Released 10th June 2016 via Bad Elephant Music.

Order ‘Becoming Aware’ from bandcamp



Review – Mike Kershaw – What Lies Beneath – by Gary Morley


Mike Kershaw is a “Passenger”, or fan of Big Big Train, and we’ve met (in cyberspace) and our lives have been connected through their Facebook page.

I was invited to review this, Mike’s latest solo recording, by Martin Hutchinson, another Passenger whose life is a little more connected to mine in that we have had conversations: Exchanges of ideas and the like, in between him sending me albums to review and me handing in my homework.

So I transferred the files onto CD, placed it in the player and after sharpening my reviewer’s pencil, pressed play.

The following are the notes written as I listen, a running commentary if you will.

The first impression is that the drum sound is warm, jazzy and gentler than other recent Prog albums. There are none of the extraneous fills and beat s that detracted from Dream Theater’s recent excursion into Lloyd Webber land here.

I will research later, but the instrumentation on this is warm, organic and very “English”.

Mike’s voice is not a musical weapon of mass destruction, not chilling roars or over enunciated shouting here. The nearest comparable voice I can think of is Marianne Faithfull. His voice falters and cracks as hers does on “Broken English”, both frail and resilient at the same time. It adds to the charm of the piece as the voice makes the words even more personal and the deliver almost intimate, a rough take charm that grows as the album progresses.

Scott Smith Photography

(Picture by Scott Smith Photography)

The album hints at the great journey we are all on, unfolding and layered with detail that adds to the repeated listening pleasure. Track 2 starts off with a drum track that brought Dire Straits to mind, that simple shuffle beat underpinning the mix. Keyboards float above it, Mike’s voice is higher, almost childlike here. It’s always tricky to write about lyrics without the aid of a “cheat sheet” album cover present, so I tend to leave that to the end user (and the writing on CD inserts is not “People of a certain age friendly at all! That’s why we collect vinyl – to read the notes!)

There are chiming guitars; beautiful bass playing that had me thinking of the Cure at their most pastoral on track 3. The melodic force is strong in this one, the song growing, tide like before the chorus crashes on the shore, then fades and ebbs with lovely electric piano . We have a military drum beat and a ghostly choral backing that fades to voice and rhythm section.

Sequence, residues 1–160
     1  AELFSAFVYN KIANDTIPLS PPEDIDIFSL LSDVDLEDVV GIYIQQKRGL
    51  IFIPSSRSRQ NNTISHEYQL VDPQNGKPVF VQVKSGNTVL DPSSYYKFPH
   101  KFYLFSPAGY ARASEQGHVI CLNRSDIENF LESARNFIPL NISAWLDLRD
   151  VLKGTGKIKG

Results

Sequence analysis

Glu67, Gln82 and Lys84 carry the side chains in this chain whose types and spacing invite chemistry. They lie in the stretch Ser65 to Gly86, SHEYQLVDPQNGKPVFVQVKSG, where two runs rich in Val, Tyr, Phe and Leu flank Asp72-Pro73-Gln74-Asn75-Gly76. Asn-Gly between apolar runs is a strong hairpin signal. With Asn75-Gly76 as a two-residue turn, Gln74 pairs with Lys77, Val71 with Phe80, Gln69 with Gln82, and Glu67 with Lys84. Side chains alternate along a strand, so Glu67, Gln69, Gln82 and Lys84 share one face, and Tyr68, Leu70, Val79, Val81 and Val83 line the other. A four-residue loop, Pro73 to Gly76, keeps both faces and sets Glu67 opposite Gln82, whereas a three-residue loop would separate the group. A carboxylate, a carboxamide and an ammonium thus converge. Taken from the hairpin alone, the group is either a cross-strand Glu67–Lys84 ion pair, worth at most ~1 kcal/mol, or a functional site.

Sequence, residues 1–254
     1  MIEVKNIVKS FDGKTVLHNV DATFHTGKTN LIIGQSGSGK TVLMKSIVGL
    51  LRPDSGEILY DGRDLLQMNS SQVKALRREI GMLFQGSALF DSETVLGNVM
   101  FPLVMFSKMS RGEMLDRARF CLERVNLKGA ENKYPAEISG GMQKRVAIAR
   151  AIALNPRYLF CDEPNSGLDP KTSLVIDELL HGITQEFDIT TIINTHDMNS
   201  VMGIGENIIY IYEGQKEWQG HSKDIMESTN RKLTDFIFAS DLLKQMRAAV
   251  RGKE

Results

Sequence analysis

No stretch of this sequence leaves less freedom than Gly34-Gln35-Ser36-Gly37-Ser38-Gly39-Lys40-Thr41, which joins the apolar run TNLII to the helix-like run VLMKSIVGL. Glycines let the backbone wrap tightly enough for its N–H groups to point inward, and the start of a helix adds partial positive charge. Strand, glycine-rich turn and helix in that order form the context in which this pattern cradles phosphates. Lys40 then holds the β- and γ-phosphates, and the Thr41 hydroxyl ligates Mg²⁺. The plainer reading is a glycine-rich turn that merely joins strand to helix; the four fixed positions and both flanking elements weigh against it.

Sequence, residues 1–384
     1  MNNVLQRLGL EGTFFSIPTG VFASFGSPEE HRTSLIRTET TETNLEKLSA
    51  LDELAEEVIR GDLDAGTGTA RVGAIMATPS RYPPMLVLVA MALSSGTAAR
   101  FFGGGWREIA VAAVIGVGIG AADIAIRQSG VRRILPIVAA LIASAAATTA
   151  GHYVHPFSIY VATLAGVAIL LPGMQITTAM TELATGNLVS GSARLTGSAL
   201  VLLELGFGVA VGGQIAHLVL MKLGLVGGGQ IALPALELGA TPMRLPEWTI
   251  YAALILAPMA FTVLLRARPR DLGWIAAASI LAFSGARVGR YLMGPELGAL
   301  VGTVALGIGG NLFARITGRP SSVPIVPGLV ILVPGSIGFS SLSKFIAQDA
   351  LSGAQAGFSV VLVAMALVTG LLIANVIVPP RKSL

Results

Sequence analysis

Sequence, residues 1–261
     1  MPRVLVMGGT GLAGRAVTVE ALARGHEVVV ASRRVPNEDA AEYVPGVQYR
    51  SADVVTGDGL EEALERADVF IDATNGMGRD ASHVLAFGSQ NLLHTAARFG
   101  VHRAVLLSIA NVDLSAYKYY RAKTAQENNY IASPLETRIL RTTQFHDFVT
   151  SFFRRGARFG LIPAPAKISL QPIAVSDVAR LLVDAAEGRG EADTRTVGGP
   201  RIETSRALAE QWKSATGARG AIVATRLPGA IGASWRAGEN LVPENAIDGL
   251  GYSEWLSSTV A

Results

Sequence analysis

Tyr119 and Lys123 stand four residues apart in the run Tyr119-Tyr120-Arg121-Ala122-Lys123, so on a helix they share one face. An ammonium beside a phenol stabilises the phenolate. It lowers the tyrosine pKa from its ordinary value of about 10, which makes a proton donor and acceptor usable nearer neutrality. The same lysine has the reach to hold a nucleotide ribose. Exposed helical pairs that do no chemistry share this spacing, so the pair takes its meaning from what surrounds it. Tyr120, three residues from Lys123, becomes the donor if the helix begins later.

Mr Kershaw, you are a very talented man. Songs that unfurl gently and reveal secrets, your folk singer delivery brings another point of reference here, The spirit of Roy Harper seeps through the 4th track, with it’s guitar textures and space between the component parts allowing the voice centre stage.

“Another disguise” is full of lovely slide guitar and swooping keyboards, this track is very Pink Floyd in it’s sound, warm guitar and icy keyboards over a solid drum part , again no pyrotechnics from  the players, the ebb and flow is complimentary to the lyric.

Or does it bring back memories of  The Enid circa 1981 that ? That period when RJG discovered vocals? There are hints of that too, along with a smatter of Dylan, Track 5 being a bouncy charmer, full of gruff guitar charm and a timeless vocal performance.


(Picture by Scott Smith Photography)

Track 6 starts with a gentle keyboard piece then we hear of the protagonist, who seems beaten by life, a frustrated individual trapped in some private hell. Kershaw’s words of rallying around a flag, joining a cause, whether wrong or right spookily poignant after recent events in Yorkshire that shocked one and all, here we have the plight of the loner , the isolated man captured in a 3 minute song.

I’ve played the CD 4 times now, each time it releases another little Easter Egg …

This time, Mike’s Voice on track 1 reminds me of Tim Blake (Hawkwind and solo artist) performing “Lighthouse” – half spoken, half intoned lyrics set to a jaunty, almost funky soundscape with keyboards coming at you from all directions. Lyrically it’s not a million miles from the anti war rhetoric of Hawkwind / Tim Blake /The Enid from the 80’s ( we were all going to die in a mushroom cloud caused by Reagan and Russia goes to war over Europe with tactical Nukes proliferating on both sides. Scary times, but produced some great music – “Who’s Gonna Win The War” & “ And Then there were none” being the two that this shares a common bond with.

This is the “Proggiest” track here, with some great synth lines at the conclusion sliding over your ears into your brain.

The more I listen, the less convinced that it’s Prog. Not in a derogatory way, but this album is full of songs, some great musicians playing to complement each other, most tracks are around the 5 minute mark, there are no dragons, anthropomorphic creatures, aliens or starships. No warriors on the edge or any vast inhuman machines keeping people in ignorance and servitude.

There are some glorious tunes, great instrumental pieces and a sense of warmth, almost organic well being generated through the listening experience.

It’s just good music, no matter which box you think it should be put in.

Mike has produced a fine album, a personal statement of where he sits in the musical pantheon and the world is a better place for his efforts.

Released 27th May 2016 by Bad Elephant Music.

Buy ‘What Lies Beneath’ from bandcamp


Progradar – 2016 – Best of the First Six Months


(Yours truly and Prog Guru™ himself)

Welcome ladies and gentlemen to the first official Progradar Reviewers and Friends ‘Best Of…’ feature.

I asked those who wished to contribute to cogitate over what great music they had heard, released 1st January to 30th June, in the first half of 2016 and come up with a list of their definitive five favourites.

Not an easy task, let me tell you but, here are the selections of nine (including me) erstwhile wordsmiths and friends, including a few words as to why these particular releases made the cut.